(2008). Prospective Associations From Family-of-Origin Interactions to Adult Marital Interactions and Relationship Adjustment. Journal of Family Psychology, 22(2), 274-286..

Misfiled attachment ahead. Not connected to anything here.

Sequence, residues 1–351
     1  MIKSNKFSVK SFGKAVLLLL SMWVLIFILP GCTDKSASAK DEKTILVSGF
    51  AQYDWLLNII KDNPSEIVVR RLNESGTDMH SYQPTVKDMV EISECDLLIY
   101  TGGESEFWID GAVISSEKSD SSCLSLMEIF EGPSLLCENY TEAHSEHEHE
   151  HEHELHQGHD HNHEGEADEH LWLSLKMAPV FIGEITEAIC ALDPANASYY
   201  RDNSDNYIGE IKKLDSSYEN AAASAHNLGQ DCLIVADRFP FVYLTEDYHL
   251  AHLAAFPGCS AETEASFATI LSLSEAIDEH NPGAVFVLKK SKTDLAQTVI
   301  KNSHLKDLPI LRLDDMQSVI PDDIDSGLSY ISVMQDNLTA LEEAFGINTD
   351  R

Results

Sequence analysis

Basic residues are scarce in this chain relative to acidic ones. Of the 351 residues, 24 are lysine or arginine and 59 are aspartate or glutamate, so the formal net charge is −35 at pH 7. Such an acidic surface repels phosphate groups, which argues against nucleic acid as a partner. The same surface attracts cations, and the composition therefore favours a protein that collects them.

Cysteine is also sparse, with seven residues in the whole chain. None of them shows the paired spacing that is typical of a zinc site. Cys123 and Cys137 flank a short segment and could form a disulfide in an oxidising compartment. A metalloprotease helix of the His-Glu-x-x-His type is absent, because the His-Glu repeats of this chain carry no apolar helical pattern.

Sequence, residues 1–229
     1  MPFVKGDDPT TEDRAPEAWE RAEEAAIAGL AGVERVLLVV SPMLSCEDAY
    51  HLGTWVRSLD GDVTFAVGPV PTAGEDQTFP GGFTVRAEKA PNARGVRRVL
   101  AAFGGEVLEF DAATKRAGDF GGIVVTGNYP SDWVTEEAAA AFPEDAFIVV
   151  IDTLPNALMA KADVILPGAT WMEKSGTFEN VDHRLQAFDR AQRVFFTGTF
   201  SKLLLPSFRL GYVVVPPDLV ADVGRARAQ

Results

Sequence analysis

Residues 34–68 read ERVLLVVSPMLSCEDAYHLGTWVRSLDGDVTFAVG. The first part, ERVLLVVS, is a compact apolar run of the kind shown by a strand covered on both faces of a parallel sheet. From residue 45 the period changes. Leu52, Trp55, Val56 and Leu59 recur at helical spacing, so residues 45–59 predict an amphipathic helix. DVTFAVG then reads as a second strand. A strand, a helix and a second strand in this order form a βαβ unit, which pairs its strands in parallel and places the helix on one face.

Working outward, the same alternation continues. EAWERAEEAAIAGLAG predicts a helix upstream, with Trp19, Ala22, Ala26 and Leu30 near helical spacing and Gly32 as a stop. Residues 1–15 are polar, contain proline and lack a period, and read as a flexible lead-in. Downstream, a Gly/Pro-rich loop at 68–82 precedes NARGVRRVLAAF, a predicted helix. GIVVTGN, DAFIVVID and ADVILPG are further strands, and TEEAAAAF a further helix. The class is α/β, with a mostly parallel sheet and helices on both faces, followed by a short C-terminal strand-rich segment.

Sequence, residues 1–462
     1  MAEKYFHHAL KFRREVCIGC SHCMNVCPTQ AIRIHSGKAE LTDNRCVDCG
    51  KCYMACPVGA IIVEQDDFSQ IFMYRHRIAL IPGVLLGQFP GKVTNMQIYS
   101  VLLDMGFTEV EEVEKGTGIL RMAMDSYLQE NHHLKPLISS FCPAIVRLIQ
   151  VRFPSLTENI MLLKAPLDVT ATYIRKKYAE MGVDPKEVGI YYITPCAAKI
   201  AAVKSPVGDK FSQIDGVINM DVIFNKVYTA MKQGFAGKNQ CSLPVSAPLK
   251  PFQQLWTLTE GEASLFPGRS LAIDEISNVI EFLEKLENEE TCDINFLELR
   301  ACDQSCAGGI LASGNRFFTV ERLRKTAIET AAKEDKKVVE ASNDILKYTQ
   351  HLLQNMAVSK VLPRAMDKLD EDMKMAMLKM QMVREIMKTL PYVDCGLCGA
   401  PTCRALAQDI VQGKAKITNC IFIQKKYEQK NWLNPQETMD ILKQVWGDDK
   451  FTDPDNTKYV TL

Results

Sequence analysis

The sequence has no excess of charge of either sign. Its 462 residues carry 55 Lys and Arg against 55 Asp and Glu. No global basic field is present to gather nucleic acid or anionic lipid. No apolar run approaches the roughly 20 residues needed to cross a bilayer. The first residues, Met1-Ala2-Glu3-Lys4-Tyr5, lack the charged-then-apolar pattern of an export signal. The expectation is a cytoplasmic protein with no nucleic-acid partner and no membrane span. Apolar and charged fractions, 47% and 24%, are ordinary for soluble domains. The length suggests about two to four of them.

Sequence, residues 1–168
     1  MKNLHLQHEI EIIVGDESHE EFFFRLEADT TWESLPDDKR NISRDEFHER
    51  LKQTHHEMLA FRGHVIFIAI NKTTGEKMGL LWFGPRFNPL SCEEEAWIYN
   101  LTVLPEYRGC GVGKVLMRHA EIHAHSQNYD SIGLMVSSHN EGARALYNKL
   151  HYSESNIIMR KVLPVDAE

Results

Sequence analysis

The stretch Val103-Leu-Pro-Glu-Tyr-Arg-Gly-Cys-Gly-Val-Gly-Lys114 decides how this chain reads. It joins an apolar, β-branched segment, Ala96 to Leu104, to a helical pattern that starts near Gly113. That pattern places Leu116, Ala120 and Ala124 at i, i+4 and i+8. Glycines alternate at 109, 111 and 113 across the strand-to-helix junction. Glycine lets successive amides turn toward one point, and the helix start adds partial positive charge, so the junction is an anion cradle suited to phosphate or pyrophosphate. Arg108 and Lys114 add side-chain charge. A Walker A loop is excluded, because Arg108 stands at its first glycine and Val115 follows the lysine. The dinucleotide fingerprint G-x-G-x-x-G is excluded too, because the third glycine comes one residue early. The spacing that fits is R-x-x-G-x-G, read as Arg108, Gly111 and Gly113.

To test the social learning–based hypothesis that marital conflict resolution patterns are learned in the family of origin, longitudinal, observational data were used to assess prospective associations between family conflict interaction patterns during adolescence and offspring’s later marital conflict interaction patterns. At age 14 years, 47 participants completed an observed family conflict resolution task with their parents. In a subsequent assessment 17 years later, the participants completed measures of marital adjustment and an observed marital conflict interaction task with their spouse. As predicted, levels of hostility and positive engagement expressed by parents and adolescents during family interactions were prospectively linked with levels of hostility and positive engagement expressed by offspring and their spouses during marital interactions. Family-of-origin hostility was a particularly robust predictor of marital interaction behaviors; it predicted later marital hostility and negatively predicted positive engagement, controlling for psychopathology and family-of-origin positive engagement. For men, family-oforigin hostility also predicted poorer marital adjustment, an effect that was mediated through hostility in marital interactions. These findings suggest a long-lasting influence of family communication patterns, particularly hostility, on offspring’s intimate communication and relationship functioning.Last updated on 10/29/2020